For him, faith's in the fossil
Punk rocker's book is part memoir, part "scientific manifesto"
Not many professors sign copies of their new book about evolution at Denver's Tattered Cover Book Store before heading out to the Fillmore Auditorium on a Friday night to front a band that is a punk-rock legend.
But Greg Graffin is lead singer and songwriter for Bad Religion and a lecturer in life science and paleontology at UCLA. He has a doctorate in zoology from Cornell University.
Not surprisingly then, Graffin's new book, "Anarchy Evolution: Faith, Science and Bad Religion in a World Without God," is, as the publisher puts it, "part rock memoir and part scientific manifesto."
The book, co-written by Steve Olson, is also about Graffin's dislike of authority, dogma and fundamentalism, religious or otherwise.
"Religion is an easy target," Graffin said during an interview with The Post squeezed in between his flight here, the 6 p.m. book signing and 10 p.m. concert appearance.
The band uses religion and religious symbols as metaphors for what's wrong with society, Graffin said. The band's logo is a cross with a red slash through it, known as "the cross-buster."
"There are aspects of religion that we chose to question and confront," he said.
A craving for evidence
At the same time, the 46-year-old husband and father said, the band has a tremendous following of religious people. His family is full of religious people. And, he said, sounding more like the nice kid who grew up in Wisconsin than the L.A. punk rocker he became at age 15, he likes his family.
"We've never gone on stage and bad-mouthed any religion," Graffin said. "It's always rubbed me wrong when other punk bands did, when they tell people what to think. That rubbed me just as wrong as Christian rock bands that said you had to get right with God."
Graffin, as the book title indicates, doesn't believe in God. Yet he doesn't call himself an atheist, and he is unimpressed, he said, by a social movement that defines itself by what it doesn't believe in.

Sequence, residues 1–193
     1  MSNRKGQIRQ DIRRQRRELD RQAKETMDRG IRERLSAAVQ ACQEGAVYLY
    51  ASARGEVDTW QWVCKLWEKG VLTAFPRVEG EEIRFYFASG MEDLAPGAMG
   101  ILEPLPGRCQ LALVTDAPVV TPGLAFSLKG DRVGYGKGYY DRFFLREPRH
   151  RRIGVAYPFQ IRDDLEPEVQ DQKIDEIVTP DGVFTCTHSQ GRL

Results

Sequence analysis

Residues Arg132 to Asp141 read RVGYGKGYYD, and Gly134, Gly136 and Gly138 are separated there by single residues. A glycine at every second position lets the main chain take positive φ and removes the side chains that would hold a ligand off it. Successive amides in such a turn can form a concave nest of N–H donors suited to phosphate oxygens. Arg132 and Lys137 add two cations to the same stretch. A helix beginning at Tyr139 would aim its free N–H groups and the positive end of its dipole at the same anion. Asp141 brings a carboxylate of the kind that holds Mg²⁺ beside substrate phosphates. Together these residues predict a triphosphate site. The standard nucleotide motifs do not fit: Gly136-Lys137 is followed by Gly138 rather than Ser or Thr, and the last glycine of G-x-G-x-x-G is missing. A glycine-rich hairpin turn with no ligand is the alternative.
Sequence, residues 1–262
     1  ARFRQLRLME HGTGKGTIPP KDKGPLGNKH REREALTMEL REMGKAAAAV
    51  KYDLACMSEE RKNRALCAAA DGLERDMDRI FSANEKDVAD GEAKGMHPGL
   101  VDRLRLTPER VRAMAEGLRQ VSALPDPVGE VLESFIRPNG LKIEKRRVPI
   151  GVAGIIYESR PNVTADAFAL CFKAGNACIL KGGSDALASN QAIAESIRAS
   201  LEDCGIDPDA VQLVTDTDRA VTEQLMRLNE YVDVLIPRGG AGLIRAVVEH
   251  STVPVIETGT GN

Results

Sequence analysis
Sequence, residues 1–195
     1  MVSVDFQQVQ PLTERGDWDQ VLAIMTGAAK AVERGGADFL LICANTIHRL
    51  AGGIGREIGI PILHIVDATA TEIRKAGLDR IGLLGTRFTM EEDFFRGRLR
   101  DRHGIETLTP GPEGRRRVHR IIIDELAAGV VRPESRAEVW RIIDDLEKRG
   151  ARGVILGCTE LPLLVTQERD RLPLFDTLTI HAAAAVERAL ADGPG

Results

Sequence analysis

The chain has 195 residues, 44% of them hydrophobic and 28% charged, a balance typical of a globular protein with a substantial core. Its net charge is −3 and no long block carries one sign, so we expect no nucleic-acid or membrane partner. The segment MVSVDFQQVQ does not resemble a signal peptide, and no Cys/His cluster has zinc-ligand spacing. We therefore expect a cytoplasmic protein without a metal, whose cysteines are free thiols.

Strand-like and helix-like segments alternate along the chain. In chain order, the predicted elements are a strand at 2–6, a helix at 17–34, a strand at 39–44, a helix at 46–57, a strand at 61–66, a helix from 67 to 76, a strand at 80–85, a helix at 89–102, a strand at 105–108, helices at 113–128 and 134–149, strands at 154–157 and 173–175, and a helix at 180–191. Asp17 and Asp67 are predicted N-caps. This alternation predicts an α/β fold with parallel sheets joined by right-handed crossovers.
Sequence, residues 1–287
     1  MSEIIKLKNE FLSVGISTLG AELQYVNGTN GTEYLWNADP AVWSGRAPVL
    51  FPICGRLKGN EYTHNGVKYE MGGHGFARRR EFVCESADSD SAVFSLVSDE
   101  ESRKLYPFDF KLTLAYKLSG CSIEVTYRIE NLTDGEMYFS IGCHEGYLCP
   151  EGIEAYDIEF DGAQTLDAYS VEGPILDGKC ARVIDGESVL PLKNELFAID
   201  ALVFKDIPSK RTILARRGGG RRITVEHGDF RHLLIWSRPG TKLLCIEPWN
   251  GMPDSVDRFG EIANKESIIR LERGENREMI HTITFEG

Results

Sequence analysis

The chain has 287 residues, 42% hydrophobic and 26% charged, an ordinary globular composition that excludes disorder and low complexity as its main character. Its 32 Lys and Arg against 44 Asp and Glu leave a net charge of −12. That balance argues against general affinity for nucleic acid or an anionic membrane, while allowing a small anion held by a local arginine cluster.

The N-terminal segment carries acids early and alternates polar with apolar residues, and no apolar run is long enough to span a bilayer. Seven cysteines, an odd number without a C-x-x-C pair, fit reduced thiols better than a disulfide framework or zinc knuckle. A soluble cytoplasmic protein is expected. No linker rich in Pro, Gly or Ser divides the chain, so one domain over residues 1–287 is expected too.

"I don't bill myself as an atheist but as a naturalist," he said. "Naturalism is a belief system. A lot of scientists bristle at that. We all have to believe we can find the truth. Evidence is my guide. I rely on observation, experimentation and verification."
He studies natural forces and evolutionary processes to make sense of his place in the world. He is, he would tell you, a biological accident like the rest of us — the product of random chance as much as natural selection.
"I want some fact-based evidence about where we came from," Graffin said. "Things we consider mysterious need not be attributed to a deity."
Graffin said something in the human brain gives us a sense of satisfaction when we feel part of something else, something bigger than ourselves.
"That's a perfectly good explanation of spirituality," he said. "I don't get wrapped up in the good and evil thing so much."
For him, that something bigger than himself is the parade of life through the eons — evolutionary history.
"A fossil is so powerful. It's moving," Graffin said. "This is my ancestor. The naturalist is moved by the fossil . . . not the cross."
Works, not faith
Graffin said that so much about religion is self-serving. People are promised their salvation and eternal bliss.
To him, a meaningful afterlife is possible — not through one's continued consciousness — but by living on through your works and in the people you touched.
"Whether you reach a lot of people or have a profound impact on a few people, their memories of you are your afterlife," he said.
"How can we help people? That's where the focus should be. What can I do to ensure that what is good now for my family will still be good when I'm gone?"
- Electa Draper